Government: Develop a coherent vision for the future of the Netherlands
On 5 October the Dutch government sent the ‘Government Position Paper’, its proposals for the draft National Environment and Planning Strategy (Nationale Omgevingsvisie: NOVI), to the House of Representatives. That paper, which is an intermediary step in the preparation of the National Environment and Planning Strategy, does not present a coherent vision for the future of the Netherlands. Moreover, several important issues are ignored altogether. Questions such as ‘How can we shape the economy for sustainable growth?’ or ‘What are the environmental conditions for the future operation of the aviation industry in the Netherlands?’ remain unanswered. The Council is of the opinion that such important questions must be addressed in the Strategy, otherwise the choices to be made on key issues like these – choices which ought to be articulated in the Strategy – will simply be sidelined.
Government: Break down the departmental silo mentality
The National Environment and Planning Strategy, or NOVI, is the government’s core policy instrument in the new system of environmental and planning law. The Environment and Planning Act takes an integrative approach to physical environmental and development challenges. The Council therefore sees the NOVI as a litmus test for working with the new environmental and planning policy. No fewer than nine ministries are involved in policy for the physical environment, but the Council sees too few signs of these departments working together in a unified fashion as intended. The Council argues for a stronger political steer from the government to break down the compartmentalisation and silo mentality in the civil service.
Public authorities: Work together at the regional level
In recent years a great deal of planning and environmental policy has been decentralised and national government is delegating a growing number of tasks to the region, often without providing any additional budget. The Council believes that this approach is no longer responsible as far as the major challenges facing the country are concerned: the energy transition, adaptation to the changing climate, establishing a circular economy and closed-loop agriculture, and a coordinated approach to urban development and transport planning. National, provincial and local government must work more closely together on these issues. Because all these environmental and development challenges converge at the regional scale, the Council feels that the national government should invest more in the regions, for example by making more staff available. Moreover, the government should treat the thirty or so regions in the same way and abandon its selective policy of designating ‘spatial perspective areas’. The Council proposes that the Minister of the Interior and Kingdom Relations should have a dedicated budget for the National Environment and Planning Strategy.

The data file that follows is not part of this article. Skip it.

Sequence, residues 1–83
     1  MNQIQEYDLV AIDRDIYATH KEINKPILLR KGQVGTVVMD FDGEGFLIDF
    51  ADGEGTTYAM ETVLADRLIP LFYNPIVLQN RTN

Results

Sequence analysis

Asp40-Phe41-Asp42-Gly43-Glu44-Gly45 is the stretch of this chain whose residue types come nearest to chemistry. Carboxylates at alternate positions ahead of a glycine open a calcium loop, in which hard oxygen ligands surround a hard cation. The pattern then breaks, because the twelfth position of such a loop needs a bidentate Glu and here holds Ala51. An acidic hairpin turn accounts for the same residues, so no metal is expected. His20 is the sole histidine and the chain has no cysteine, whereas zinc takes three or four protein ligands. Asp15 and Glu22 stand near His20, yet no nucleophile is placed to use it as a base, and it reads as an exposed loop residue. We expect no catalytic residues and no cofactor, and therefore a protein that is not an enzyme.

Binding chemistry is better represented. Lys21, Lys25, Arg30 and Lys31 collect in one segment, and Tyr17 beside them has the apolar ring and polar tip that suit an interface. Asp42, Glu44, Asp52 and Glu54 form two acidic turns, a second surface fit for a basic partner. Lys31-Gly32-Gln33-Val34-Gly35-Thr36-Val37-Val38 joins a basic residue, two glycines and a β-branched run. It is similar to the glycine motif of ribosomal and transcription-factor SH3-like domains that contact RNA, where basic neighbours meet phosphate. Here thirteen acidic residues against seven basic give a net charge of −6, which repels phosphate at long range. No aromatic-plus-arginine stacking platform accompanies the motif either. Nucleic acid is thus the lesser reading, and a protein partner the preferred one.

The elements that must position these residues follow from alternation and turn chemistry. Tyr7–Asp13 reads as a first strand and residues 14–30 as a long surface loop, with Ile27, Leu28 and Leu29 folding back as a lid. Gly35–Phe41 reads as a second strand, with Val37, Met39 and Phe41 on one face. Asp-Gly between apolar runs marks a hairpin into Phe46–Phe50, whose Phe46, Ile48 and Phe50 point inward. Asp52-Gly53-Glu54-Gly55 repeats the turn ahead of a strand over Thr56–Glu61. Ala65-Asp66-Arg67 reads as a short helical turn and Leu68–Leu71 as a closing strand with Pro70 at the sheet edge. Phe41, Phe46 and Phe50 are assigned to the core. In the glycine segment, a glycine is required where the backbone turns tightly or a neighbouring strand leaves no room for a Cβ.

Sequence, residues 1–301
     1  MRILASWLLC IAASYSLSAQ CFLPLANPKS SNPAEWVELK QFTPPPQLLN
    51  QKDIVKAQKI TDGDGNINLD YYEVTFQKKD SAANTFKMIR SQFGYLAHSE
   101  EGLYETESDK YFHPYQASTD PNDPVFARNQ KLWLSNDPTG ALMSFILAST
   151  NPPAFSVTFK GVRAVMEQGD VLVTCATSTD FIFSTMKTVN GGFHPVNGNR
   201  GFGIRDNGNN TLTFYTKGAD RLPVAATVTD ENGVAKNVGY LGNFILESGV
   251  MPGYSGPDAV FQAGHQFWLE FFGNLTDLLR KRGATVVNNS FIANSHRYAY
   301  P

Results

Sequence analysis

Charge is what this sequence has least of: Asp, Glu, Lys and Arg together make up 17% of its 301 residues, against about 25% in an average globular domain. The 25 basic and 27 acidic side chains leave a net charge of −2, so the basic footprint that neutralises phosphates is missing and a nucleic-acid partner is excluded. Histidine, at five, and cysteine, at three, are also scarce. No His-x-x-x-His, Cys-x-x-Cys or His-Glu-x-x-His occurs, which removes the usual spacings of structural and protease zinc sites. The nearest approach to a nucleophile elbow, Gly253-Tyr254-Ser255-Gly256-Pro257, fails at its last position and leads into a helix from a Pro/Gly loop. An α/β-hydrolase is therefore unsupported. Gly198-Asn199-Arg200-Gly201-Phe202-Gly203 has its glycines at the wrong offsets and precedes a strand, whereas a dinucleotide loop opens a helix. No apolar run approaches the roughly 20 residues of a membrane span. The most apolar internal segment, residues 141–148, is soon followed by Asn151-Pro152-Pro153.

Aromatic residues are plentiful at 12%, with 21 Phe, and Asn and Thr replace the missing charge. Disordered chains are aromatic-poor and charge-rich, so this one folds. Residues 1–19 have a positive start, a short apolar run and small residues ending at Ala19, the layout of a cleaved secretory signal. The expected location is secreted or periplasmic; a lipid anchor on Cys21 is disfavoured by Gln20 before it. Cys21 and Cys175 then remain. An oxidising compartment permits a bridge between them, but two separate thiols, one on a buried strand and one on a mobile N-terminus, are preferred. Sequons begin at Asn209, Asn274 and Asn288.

Environment and spatial strategies in the Environment and Planning Act
The environment and spatial strategy is a new instrument introduced by the Environment and Planning Act. An environment and spatial strategy is a policy and governance document that includes a comprehensive vision for the development of the physical environment over the long term. The vision must be integrative and strategic and amount to more than the sum of separate sectoral policy visions. On 5 October 2018 the government published its Government Position Paper on the National Environment and Planning Strategy, an intermediary step in the preparation of the draft Strategy, which will be sent to the House of Representatives early in 2019.
The Minister of the Interior and Kingdom Relations asked the Council for the Environment and Infrastructure to advise on the how the Strategy can be designed to steer policy interventions towards the government’s priorities.
Note to the editor
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